Defence Minister Peeni Henare visits Kyiv to meet Ukrainian Minister of Defence Oleksii Reznikov and pay tribute to the those lost in the conflict.
Ukraine’s military has launched a “silent” assault on the strategic Kinburn Spit as its Kherson counteroffensive enters a new phase.
Captain Natalia Humeniuk, a spokeswoman for the southern command of Ukraine’s Armed Forces, said the operation to liberate the small, sandy peninsula was under way amid reports it had already been recaptured by Ukrainian forces.
“The most important thing is that the operation continues, and we continue our fight against the enemy.”
The Kinburn Spit is a small strip of land formed where the Dnipro River meets the Black Sea.
The outcrop is strategically important because it gives whoever holds it control over the entrance to the Dnipro river, which bisects Ukraine, as well as the ports of Kherson and Mykolaiv.
Vitalii Kim, Mkyolaiv’s governor, said three settlements on the peninsula needed to be liberated before his region is entirely freed from Russia.
Before the war, the spit was popular with tourists but has since been used by Russian forces to conduct routine artillery and missile strikes on Ukrainian-held territories.
It was used by Moscow to target tug boats and grain barges operating in the mouth of the Dnipro River, according to Ukraine’s military.
Ukraine’s southern operational command has previously described the area as the “focus of the enemy’s life force, weapons and equipment”.
Images have been shared on social media appearing to show Ukrainian troops operating in the Dnipro, suggesting they are launching amphibious assaults on the area.
In a recent broadcast on Ukrainian television, Humeniuk said Russia’s hold on the region is “not powerful enough to withstand a large concentration of troops”.
On Tuesday she claimed the storming conditions around the peninsula had prevented Russian forces from gaining a foothold on the Kinburn Spit.
“The sea helps us. The enemy cannot gain a foothold there because the Ukrainian Armed Forces inflict damage on the enemy’s points,” she added.
Western military analysts claim recapturing the peninsula would give Ukraine’s forces a staging post for future operations on the left bank of the Dnipro, where Russia withdrew its forces after ceding control of the southern city of Kherson.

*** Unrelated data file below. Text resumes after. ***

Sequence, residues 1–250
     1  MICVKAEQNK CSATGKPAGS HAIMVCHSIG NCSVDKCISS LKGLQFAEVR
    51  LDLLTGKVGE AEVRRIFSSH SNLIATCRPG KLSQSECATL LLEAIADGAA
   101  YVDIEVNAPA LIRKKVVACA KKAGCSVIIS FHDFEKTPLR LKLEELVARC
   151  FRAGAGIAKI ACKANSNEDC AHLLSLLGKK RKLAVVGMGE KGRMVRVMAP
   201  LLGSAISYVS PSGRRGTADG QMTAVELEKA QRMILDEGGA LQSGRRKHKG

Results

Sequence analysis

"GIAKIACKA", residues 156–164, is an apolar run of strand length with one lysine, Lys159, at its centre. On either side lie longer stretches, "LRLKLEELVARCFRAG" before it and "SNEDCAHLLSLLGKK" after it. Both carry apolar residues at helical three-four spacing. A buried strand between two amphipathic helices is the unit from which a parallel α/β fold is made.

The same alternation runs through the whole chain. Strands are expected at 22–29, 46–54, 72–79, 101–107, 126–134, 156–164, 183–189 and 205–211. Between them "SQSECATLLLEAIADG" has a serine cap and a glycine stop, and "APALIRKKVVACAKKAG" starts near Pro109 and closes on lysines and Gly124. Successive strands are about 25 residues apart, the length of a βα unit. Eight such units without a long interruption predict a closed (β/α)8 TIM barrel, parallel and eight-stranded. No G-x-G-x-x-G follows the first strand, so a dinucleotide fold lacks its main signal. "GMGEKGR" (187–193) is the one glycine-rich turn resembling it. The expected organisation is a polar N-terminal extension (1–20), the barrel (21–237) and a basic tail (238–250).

The Institute for the Study of War, a US-based think-tank, said: “Control of the Kinburn Spit would allow Ukrainian forces to relieve Russian strikes on the Ukrainian-controlled Black Sea coast, increase naval activity in the area, and conduct potential operations to cross to the left (east) bank in Kherson Oblast under significantly less Russian artillery fire compared to a crossing of the Dnipro River.”
Meanwhile, Russia started a mobilisation drive in occupied Crimea amid mounting fears Ukraine could advance on the region it illegally annexed in 2014.
Ukraine’s military reported that men in Crimea have received mobilisation papers despite Russian president Vladimir Putin ordering an end to mobilisation in the rest of the country.
“In Crimea, a covert mobilisation to bolster the ranks of occupying forces is ongoing,” it said.
Analysts have said that the Kremlin’s call-up drive has largely been supplied by Russia’s far-flung provinces.
Sergey Melikov, the governor of Dagestan, on Tuesday weighed into the debate with a rare public criticism of the mobilisation, saying on a Telegram video that it was shameful that top Kremlin officials had not sent their sons to fight in Ukraine in a war that they had said was vital to win for Russia’s survival.
Kremlin-installed authorities in Crimea said the peninsula came under attack by drones on Tuesday.
Mikhail Razvozhayev, the governor of the Sevastopol administrative region, said two drones were shot down and urged residents to “remain calm”.
Crimea’s Moscow-appointed governor said last week that Russia’s defences were being strengthened there as Kyiv’s forces continued to reclaim territory in neighbouring Kherson.